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May 13, 2011

Prenatal Vitamin D Prevents Infant Infections

A new study from the journal Pediatrics has demonstrated that women who take vitamin D during pregnancy have babies with a significantly lower chance of developing the common viral infection known as respiratory syncytial virus (RSV).  Infants deficient in vitamin D at birth had a 6-fold increased risk of getting RSV during the first year of life compared with babies with high vitamin D levels.

RSV typically causes cold-like symptoms in both children and adults.  It is extremely common (and most often benign) in children, but may progress to a more serious condition.  According to the CDC, when infants and children are exposed to RSV for the first time, 25% to 40% of them have signs or symptoms of bronchiolitis or pneumonia, and up to 1 in 50 will require hospitalization.  About 50% of all children who have been hospitalized for this virus go on to develop asthma-like symptoms after being discharged.
Naturopathic medicine offers a wide range of therapies to both prevent and treat childhood viruses like RSV.  Many naturopathic doctors recommend vitamin D supplementation as part of a comprehensive and individualized plan to support a balanced immune system, bone health, cardiovascular health, healthy skin, etc. There exists ongoing controversy over optimal dosing for vitamin D.  Some health groups advocate only 600 IUs of vitamin D3 daily, while many experts suggest doses as high as 4000-5000 IUs for the average adult.  In his research at the Medical University of South Carolina, Dr. Bruce Hollis found that pregnant women need at least 4,000 IU a day of vitamin D in order to maintain both their own vitamin D levels and that of their babies.  Based on his widespread findings of vitamin D deficiency among pregnant women, he states that an ideal dose is at least 5,000 IU per day.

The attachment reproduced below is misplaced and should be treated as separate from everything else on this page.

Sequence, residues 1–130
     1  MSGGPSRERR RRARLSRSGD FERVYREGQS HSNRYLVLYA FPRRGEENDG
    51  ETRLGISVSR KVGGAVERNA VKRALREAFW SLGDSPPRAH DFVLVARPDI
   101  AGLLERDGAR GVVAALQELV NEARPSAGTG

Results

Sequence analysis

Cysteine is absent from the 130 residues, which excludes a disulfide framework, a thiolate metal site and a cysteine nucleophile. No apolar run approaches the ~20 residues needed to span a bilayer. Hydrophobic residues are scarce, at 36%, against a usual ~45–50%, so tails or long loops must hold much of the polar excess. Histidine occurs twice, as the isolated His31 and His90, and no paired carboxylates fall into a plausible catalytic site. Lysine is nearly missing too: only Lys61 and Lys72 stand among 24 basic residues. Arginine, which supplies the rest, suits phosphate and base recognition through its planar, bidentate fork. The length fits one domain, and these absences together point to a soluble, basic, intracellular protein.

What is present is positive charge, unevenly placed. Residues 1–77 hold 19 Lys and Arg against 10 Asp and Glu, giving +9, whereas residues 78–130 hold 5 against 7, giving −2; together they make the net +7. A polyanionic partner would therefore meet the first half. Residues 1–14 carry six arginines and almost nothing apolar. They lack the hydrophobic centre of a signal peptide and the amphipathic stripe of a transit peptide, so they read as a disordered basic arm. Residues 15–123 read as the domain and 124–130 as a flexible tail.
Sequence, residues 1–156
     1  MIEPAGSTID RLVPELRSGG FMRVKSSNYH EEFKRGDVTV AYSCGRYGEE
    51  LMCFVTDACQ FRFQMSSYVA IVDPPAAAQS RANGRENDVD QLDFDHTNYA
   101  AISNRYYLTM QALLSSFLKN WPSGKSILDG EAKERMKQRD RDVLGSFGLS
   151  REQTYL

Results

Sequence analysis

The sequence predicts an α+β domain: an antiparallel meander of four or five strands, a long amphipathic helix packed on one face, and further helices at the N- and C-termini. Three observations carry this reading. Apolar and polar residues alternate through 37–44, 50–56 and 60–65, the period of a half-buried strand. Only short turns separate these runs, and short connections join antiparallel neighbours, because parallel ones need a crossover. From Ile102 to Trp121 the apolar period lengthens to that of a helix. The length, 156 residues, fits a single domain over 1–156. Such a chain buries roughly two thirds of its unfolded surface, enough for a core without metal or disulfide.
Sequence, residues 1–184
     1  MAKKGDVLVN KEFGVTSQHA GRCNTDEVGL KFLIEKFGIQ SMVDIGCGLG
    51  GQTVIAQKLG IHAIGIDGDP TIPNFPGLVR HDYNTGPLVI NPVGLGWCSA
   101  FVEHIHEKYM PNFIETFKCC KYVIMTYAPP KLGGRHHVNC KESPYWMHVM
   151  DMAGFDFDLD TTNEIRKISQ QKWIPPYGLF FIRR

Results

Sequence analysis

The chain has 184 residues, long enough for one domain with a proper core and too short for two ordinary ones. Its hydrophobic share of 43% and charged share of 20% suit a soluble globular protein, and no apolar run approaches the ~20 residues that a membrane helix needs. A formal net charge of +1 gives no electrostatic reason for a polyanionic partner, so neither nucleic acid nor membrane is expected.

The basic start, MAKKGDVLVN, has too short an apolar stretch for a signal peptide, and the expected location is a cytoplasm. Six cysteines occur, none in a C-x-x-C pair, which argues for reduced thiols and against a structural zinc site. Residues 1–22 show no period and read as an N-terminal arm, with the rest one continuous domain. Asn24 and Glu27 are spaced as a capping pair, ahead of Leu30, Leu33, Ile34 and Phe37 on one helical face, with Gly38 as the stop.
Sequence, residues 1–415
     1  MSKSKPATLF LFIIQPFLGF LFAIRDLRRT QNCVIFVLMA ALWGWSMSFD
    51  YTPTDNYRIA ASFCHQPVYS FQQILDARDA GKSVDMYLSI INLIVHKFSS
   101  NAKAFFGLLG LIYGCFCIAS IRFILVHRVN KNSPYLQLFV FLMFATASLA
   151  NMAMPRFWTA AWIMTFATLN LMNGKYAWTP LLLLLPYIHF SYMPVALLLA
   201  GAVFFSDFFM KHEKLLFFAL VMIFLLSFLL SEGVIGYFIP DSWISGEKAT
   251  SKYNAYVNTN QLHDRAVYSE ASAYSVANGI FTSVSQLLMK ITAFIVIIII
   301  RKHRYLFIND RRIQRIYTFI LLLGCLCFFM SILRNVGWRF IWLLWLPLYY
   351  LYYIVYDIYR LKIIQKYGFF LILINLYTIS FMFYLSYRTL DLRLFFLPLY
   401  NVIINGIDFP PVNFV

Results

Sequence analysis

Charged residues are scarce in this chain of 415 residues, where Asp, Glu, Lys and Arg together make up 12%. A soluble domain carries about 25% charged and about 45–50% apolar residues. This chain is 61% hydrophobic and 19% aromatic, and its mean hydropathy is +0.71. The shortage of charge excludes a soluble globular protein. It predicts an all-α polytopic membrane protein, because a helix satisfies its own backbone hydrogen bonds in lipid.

Recommended dosing for children is much lower than for adults.  A safe supplemental dose for infants is 400 IU daily (assuming they have nursing mothers who are not supplementing with vitamin D), while children over age 1 generally do well with a daily maintenance dose of 1000 IU and no more than 2000 IU.  Ideal dosing for all ages is dependent on the season, skin pigmentation, latitude, and total sun exposure.  Though it is essential for optimal functioning of the body and is extremely useful for numerous health conditions, vitamin D is a hormone and should be used with caution.  A simple blood test checking vitamin D levels can help you and your health care provider determine whether you (and your baby if you’re pregnant or plan to be) can benefit from vitamin D supplementation.  After  supplementation has been initiated, regular monitoring of vitamin D levels is recommended to both ensure adequate dosing and prevent toxicity due to overdosing.  

Dr. Shana McQueen